Connecting coriolis meters to rod pump controllers in a major Oman oilfield puts accurate on-line well test data on the production technologist's desk. Conventional test separator facilities have been rendered obsolete. Numerous benefits of this recent change are beginning to be realized.
The Rima oilfield (fig. 1) was discovered in 1979 in South Oman, and was brought on stream at 8000 m3/d (50,000 b/d) with 22 beam-pumped wells in 1982. Infill drilling and production from horizontal wells and electric submersible pumps (ESPS) has since raised oil production to 14,500m3/d (90,000 b/d) from 70 wells. The watercut has increased steadily at around 7% per annum, to a current level of 70 % (ref. 1).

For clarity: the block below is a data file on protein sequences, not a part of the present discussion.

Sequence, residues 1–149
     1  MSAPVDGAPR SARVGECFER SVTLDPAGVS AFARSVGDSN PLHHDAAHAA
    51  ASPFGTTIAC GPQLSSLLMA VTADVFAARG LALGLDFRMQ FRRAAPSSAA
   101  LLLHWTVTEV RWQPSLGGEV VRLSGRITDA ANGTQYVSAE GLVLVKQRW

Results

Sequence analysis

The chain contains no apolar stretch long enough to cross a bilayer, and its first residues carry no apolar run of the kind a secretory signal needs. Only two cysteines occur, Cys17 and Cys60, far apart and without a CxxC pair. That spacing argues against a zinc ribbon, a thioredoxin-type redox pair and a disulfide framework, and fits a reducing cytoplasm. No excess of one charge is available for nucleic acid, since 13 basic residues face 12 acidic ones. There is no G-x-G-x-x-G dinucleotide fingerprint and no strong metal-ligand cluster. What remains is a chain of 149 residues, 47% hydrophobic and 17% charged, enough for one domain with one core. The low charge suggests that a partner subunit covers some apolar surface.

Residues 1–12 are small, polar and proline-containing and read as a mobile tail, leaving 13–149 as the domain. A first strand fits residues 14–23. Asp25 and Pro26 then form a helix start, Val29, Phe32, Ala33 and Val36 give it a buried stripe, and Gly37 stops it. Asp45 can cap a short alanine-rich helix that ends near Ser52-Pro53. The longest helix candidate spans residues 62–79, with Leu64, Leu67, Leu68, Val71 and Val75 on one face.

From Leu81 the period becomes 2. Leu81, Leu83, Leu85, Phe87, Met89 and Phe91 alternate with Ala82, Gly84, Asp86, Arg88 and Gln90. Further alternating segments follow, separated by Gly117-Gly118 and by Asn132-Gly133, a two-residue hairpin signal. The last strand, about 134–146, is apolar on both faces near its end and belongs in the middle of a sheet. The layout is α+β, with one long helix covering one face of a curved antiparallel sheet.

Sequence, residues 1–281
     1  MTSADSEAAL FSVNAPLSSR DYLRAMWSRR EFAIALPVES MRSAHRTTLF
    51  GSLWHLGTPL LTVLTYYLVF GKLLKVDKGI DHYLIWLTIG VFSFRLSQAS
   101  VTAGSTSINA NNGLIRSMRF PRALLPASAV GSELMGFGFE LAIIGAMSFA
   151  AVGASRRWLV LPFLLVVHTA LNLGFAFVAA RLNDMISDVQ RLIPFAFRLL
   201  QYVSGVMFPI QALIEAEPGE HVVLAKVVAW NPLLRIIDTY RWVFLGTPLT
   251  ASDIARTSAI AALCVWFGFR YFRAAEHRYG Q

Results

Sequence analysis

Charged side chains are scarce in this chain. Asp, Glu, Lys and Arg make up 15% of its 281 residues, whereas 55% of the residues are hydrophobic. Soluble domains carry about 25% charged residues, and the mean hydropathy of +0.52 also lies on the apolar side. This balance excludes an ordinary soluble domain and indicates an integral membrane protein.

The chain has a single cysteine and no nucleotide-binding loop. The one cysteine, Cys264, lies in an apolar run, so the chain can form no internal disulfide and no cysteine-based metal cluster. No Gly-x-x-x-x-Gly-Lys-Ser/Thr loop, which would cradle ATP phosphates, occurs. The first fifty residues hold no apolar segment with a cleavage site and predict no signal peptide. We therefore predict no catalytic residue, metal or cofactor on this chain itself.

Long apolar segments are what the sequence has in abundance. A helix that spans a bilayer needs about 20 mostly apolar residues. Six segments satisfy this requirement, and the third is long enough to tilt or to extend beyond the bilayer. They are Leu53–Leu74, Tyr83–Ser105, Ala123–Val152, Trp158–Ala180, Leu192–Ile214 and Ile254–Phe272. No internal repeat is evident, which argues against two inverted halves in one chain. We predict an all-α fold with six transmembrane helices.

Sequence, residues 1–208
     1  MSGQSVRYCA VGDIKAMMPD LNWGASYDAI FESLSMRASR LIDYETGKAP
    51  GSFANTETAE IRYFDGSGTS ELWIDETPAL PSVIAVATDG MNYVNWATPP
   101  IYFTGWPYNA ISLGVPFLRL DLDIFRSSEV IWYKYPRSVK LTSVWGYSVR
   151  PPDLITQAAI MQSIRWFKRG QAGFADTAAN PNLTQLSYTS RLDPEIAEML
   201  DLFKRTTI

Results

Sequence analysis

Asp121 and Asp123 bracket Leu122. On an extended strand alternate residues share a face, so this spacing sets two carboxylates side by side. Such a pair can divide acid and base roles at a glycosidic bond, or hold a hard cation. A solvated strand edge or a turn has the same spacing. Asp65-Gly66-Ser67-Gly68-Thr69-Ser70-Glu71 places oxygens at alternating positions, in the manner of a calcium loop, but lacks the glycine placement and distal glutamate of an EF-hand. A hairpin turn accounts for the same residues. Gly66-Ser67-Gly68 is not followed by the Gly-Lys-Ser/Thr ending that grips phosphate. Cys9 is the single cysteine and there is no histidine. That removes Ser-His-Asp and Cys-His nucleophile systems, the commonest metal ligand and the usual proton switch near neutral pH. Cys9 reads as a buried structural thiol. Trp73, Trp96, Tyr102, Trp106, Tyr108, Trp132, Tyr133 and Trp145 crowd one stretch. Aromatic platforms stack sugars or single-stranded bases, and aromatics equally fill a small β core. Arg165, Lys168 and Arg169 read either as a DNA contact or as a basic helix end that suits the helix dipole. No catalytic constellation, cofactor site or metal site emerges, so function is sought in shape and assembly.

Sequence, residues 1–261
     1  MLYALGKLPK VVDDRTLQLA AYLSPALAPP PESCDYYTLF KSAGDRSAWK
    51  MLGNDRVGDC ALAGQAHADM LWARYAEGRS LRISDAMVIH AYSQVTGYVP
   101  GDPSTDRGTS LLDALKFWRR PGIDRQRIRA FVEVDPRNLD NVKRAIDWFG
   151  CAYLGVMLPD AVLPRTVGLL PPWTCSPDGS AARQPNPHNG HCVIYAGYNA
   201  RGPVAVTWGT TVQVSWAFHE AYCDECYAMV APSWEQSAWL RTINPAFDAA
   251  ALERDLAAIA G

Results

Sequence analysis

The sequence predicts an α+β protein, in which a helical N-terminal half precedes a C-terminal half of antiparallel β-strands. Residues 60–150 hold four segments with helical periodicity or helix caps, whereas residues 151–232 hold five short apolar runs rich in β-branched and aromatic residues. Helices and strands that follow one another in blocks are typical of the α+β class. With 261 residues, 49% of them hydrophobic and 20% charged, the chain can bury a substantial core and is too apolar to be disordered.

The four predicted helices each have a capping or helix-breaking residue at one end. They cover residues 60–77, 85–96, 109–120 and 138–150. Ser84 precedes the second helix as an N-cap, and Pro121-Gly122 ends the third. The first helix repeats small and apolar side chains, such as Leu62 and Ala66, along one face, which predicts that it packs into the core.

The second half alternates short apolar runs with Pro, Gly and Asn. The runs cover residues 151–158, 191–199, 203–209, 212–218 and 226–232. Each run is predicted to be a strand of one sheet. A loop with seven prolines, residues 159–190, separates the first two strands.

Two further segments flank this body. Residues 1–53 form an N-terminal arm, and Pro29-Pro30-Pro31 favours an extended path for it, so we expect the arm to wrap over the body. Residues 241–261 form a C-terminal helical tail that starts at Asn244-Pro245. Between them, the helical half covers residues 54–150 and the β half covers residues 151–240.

Each well is produced through a dedicated 6" carbon steel flowline to a central gathering station (RGS) with a test manifold and separator facilities (see fig. 2). The flowlines are gathered in parallel surface-laid "avenues", which broaden as RGS is approached.